As mentioned previously, Todd had little knowledge of Indian culture prior to arriving to the country. When he first arrived, he was bombarded by taxi drivers who wanted his business. They totally defied the American norms of personal space and got very close to Todd. They also spoke in elevated voices, which would probably have been perceived as very aggressive in American culture. The verbal communication variables including volume, rate, and intonation of speech have different norms in both Indian and American society. These variables contribute to Todd’s inability to effectively communicate with the taxi drivers. Additionally, the taxi drivers got very close to Todd and essentially encircled him. This is an example of the taxi drivers using proxemics to communicate a message of “I want your business” to Todd. In order to fully understand a message, it is crucial to understand the body language that the person is conveying. This can be especially difficult in cross-cultural situations. It is crucial to understand the non-verbal communication tendencies in a culture, as non-verbal communication carries about 65% of the total message in a two-way conversation.
Upon Todd’s arrival in India, he is essentially forced to stay in a family’s house rather than the hotel that was previously setup. Although this was supposed to be a kind gesture, Todd really just wanted to spend time alone in his hotel room. Todd was quite confused by some of the interactions with the family that he was living with. The mother-figure in the home asked Todd some very personal questions immediately upon his arrival including the following: “Are you married?, “Do you have a girlfriend?,” “Why aren’t you married?,” “Are you looking for an Indian wife?” Todd had no idea how to respond to these questions as he did not really know the woman on a personal level. These questions make Todd quite uncomfortable as it is typically against societal norms in the United States to ask this level of personal questions upon just meeting someone. This uncomfortable situation stems from the fact that culture influences the topics that are appropriate for discussion between members of a society. In every culture, there are certain topics that are not appropriate to discuss. These topics include, but are not limited to, family relations, illnesses, politics, religion, and more. While these may have been normal questions to ask one-another in India, these personal questions being asked by a stranger caught Todd off guard.
India is a country with major cultural differences when compared to the United States. Indian employees are motivated by different factors and expect different leadership styles than American employees. Additionally, there are some engrained social aspects that seem strange and almost unacceptable to people unfamiliar with the culture. When going to India for work or leisure, it is crucial to come with a general understanding of Indian culture. Without a basic understanding of what to expect and cultural dimensions, it is easy to commit a cultural faux paw or even insult someone, much like what Todd did. When visiting cultures that differ greatly from one’s native culture, it is also crucial to avoid adopting an ethnocentric mindset and to be aware that there is no “right” or “wrong” culture; every aspect of culture is both subjective and valid. In addition to understanding the basic behavioral characteristics of Indian culture, it is also important that travelers understand some of the social norms and expectations of Indian culture. For example, Todd did not understand how to properly tip (or not tip) service providers in India. Todd tipped a snow cone machine operator and it was clear but the employee’s behavior that the tip was abnormally large. It is always important that one learn some of the cultural norms and expectations prior to visiting or working in any country. However, when visiting or working in a country that is culturally very different from one’s home country, attaining this knowledge is exponentially more important.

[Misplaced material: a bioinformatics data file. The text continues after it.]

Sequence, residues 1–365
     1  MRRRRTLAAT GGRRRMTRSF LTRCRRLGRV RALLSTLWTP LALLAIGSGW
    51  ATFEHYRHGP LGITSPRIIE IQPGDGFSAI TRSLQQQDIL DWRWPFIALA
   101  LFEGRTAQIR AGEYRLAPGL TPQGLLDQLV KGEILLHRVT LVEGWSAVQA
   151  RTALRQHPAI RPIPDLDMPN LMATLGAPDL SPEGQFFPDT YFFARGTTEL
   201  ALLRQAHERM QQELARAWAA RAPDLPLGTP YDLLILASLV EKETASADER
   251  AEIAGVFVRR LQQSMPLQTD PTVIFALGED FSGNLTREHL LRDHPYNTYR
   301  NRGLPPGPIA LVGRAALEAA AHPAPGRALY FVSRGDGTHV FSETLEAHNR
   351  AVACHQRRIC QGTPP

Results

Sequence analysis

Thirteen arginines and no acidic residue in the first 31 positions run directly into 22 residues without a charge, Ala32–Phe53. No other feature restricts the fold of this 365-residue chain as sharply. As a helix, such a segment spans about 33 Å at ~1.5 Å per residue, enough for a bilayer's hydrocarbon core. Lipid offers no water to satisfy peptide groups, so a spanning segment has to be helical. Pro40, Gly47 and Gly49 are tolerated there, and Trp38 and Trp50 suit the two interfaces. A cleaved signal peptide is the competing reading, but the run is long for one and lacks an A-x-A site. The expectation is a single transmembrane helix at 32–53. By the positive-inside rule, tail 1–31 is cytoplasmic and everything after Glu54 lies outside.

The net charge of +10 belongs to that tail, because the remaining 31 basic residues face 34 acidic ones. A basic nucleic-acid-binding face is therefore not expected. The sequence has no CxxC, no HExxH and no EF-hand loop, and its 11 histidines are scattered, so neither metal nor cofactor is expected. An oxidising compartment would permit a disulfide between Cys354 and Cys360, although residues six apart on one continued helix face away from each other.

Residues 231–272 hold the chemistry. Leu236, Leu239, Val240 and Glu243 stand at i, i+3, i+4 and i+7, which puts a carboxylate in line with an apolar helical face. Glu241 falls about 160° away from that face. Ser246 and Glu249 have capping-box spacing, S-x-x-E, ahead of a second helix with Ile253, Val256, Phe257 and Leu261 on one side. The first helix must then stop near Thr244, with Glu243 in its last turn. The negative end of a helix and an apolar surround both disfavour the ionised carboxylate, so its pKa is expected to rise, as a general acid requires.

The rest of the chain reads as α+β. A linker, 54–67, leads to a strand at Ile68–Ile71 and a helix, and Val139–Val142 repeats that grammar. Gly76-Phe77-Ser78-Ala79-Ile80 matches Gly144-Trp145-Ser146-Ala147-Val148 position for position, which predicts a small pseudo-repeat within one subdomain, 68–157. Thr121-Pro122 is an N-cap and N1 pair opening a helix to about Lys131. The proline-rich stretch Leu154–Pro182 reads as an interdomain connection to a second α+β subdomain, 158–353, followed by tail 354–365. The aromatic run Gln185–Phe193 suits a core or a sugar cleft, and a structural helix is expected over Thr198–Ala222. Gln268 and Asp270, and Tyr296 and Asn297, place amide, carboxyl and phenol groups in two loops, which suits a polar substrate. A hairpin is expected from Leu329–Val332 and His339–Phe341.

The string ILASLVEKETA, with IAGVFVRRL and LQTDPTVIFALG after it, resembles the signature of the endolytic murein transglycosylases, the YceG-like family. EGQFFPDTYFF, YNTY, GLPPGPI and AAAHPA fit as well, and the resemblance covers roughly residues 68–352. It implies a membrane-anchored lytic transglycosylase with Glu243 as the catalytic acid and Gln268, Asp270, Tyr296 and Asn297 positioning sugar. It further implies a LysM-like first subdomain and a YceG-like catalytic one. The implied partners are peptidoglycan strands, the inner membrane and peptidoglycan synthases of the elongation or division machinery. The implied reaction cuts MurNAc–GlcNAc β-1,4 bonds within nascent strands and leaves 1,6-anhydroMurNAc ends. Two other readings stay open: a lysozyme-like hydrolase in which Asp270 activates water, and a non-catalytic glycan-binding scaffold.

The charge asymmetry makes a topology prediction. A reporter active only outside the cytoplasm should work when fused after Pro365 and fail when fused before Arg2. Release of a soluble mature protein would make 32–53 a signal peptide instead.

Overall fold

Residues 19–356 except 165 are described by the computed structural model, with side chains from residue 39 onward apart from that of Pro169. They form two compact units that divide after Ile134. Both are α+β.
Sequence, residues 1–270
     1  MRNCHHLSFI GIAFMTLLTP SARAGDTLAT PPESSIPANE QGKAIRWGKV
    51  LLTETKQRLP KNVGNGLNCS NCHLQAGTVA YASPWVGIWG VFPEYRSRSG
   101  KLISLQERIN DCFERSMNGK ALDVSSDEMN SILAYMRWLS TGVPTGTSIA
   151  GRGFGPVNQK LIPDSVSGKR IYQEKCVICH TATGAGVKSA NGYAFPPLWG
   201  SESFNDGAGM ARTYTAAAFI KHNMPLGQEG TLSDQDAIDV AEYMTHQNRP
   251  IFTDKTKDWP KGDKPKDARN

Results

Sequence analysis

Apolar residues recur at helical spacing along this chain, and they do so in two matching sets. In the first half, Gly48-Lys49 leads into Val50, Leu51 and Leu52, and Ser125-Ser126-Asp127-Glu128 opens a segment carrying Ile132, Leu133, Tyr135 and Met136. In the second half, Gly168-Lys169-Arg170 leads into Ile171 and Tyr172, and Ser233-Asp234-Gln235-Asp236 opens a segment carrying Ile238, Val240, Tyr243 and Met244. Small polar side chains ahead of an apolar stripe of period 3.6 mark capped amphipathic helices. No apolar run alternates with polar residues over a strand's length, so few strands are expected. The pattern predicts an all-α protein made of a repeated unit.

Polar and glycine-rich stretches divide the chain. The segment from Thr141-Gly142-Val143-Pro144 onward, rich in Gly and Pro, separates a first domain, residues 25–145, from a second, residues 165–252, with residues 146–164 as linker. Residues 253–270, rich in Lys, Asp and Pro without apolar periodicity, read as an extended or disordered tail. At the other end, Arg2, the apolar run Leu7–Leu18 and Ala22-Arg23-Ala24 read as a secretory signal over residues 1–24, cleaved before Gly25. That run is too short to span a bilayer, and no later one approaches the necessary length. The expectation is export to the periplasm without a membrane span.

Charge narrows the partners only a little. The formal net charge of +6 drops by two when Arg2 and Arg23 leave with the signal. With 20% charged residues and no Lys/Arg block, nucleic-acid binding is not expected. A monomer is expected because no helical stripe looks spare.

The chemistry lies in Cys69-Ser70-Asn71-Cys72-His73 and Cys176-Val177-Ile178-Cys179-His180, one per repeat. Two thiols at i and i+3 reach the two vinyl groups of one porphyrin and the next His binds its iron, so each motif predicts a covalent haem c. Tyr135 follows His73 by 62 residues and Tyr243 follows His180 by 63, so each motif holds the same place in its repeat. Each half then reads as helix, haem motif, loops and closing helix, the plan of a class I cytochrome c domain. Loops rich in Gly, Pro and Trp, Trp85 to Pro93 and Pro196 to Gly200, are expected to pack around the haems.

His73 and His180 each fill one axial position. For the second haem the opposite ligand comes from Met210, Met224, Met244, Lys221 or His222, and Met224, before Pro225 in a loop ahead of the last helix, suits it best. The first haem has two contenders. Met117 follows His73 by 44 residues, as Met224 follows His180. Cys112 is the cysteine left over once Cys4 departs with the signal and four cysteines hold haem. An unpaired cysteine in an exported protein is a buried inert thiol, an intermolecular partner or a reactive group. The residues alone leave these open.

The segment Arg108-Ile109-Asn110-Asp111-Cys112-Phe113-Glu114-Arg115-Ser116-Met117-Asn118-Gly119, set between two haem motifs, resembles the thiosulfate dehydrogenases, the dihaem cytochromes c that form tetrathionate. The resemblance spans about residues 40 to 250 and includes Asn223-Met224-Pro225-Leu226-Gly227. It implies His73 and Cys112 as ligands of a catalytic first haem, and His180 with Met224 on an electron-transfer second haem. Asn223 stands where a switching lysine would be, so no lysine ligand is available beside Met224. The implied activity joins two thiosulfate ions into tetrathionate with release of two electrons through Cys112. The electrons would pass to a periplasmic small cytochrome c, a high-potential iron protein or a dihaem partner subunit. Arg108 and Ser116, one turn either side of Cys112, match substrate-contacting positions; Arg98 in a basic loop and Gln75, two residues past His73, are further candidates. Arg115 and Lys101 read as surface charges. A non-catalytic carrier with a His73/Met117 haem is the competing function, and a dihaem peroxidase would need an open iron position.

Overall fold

This past week, I went to a lecture by Miguel Angel Santinelli and Klaudia Sanchez from the Anahuac University in Mexico City. Anahuac University has collaborated with the University of Oklahoma to establish the North American EcoInnovation Network. The EcoInnovation Network encourages young innovators and entrepreneurs, with emphasis on sustainability. The representatives from Anahuac University talked about their school, their upcoming innovation lab, and many of the social responsibility projects that they have worked on. The presenters discussed the distinction between the concept of “sustainability” in Mexico and the United States and discussed the importance of global collaboration on these issues. Lastly, the presenters asked the audience for feedback about how they can structure their new innovation hub in a way that best fits the needs of the students.
The following blog post discusses this article published by the Wall Street Journal.
The article discusses Germany’s consideration of employees in labor reduction decisions. In Germany, employees expect to be involved in important decision making, a certain level of job stability, and high labor protections. This is particularly evident in the way that German companies approach mass lay-offs and staffing reductions. There are ways that companies reduce their number of employees either voluntarily or without completely eliminating their positions including short-time work, early retirement, or buyouts.